News How rock bottom Dogs rediscovered their DNA... and the key signing set to end NRL circus


Kennel Enthusiast
Sep 29, 2014
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Article from Fox Sports -by
Darcie McDonald from Fox Sports@darciemcdonald
November 25th, 2022 6:59 am

No club has been through more changes over the last five years than the Bulldogs.

Since the start of 2018 there’s been five coaches, two overhauls of the board, two CEOs and a stack of players come and go.

But after several false starts, Canterbury-Bankstown look to be in their strongest position since the Des Hasler era (before it unravelled).

So strong in fact, that Michael Ennis — who led the Bulldogs to two grand finals — expects the club to play finals footy for the first time since 2016.

Speaking to, Ennis believes “there’s a lot to like” about the Bulldogs heading into next season — and when asked if they can make the top eight he said: “I think so, I really do.”

“I think they’re are on a great trajectory at the moment and their signings have been terrific,” he added.

Ennis is referring to Viliame Kikau, Reed Mahoney and Ryan Sutton, who have signed with the club for next season along with some promising fringe players.

They’ll join the Dogs’ brightest stars Josh Addo-Carr and Matt Burton, who not only have formed a thrilling combination, but are fresh of a successful World Cup campaign with the Kangaroos too.

Cameron Ciraldo is perhaps the most important piece to the puzzle though and despite being unproven at an NRL level, Ennis is confident he’s the right man to get the proud club back to its glory days.

“You bring in Cameron Ciraldo — a fresh change to their coaching approach. I’ve had a little bit to do with Cameron and I really like the direction that he’s taking the club,” Ennis said.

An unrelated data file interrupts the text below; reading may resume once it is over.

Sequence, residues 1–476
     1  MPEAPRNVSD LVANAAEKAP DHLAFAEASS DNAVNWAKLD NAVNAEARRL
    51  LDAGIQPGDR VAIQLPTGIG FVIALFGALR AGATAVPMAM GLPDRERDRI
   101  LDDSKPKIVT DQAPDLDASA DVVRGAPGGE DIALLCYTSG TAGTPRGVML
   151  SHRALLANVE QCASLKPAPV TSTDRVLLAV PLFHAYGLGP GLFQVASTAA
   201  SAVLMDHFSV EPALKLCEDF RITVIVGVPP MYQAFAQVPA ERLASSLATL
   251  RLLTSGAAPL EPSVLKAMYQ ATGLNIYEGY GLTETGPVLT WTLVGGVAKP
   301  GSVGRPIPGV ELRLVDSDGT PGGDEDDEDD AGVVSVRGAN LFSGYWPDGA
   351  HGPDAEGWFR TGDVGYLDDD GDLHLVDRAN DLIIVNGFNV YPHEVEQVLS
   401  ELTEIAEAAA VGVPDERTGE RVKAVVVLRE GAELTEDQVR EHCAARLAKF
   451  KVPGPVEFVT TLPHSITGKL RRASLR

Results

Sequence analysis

“It’s an exciting time for the Dogs.

“If he can get some early momentum there’s very few places like it when it gets going.

“It’s one of the great joints in rugby league and the fans are some of the best in the game.”

Those fans have had to endure five years of false hope, disappointment and turmoil but at the back end of last season there was a glimmer of light shining at the end of the tunnel.

The attack started to click and the team’s confidence went through the roof.

“You can see sides that have been under the gun for a number of years, when things start to turn, how the vibe, everything just takes off,” Matty Johns said on Fox League after the Bulldogs produced back-to-back wins.

The Bulldogs finally look ready to compete again — here’s how they got there.


The good news about claiming the wooden spoon? The only way is up.

That’s all Bulldogs fans could tell themselves after the club crashed and burned into a lonely last place finish in 2021 — eight points behind second last too.

Trent Barrett’s tenure as head coach began in miserable fashion. The Bulldogs didn’t score a point in three of their first four games and didn’t secure a win until Round 7. They became the second team in history to be held nil in three straight games and the 16 points they scored in the first four rounds was the fewest by any team since Glebe in 1928.

It looked like brighter days were ahead though when the club kicked off this year with a two-point win over the Cowboys — their first Round 1 win since 2016. But it didn’t mean much as six straight losses then followed.

There was a moment of hope after upsetting the Roosters in Round 8 but not even that could save Barrett, who was sacked just two weeks later.

The club was coachless and sitting last only two months into the season. If the wooden spoon wasn’t rock bottom, then this was.

Club great Mick Potter, who was coaching Mounties in NSW Cup and doing a bit of labouring on the side, was rushed in to take charge. Whether it was the fact there were no expectations or that he just simply had a better vision, something clicked in Belmore.

Although the Bulldogs lost their first game with Potter at the helm, they did score their most points for the season (22). The following week they topped that by two and the week after that put up a respectable fight against the eventual back-to-back premiers.

Then came the upset of the season — a 30-point shellacking of the Eels — followed by a big win over the Tigers. It was the Dogs’ first back-to-back wins in a season since 2019.


No longer were the Bulldogs the NRL’s easy beats — in fact they wound back the clock to even earn the ‘entertainers’ tag famously given to the club during the 1980s.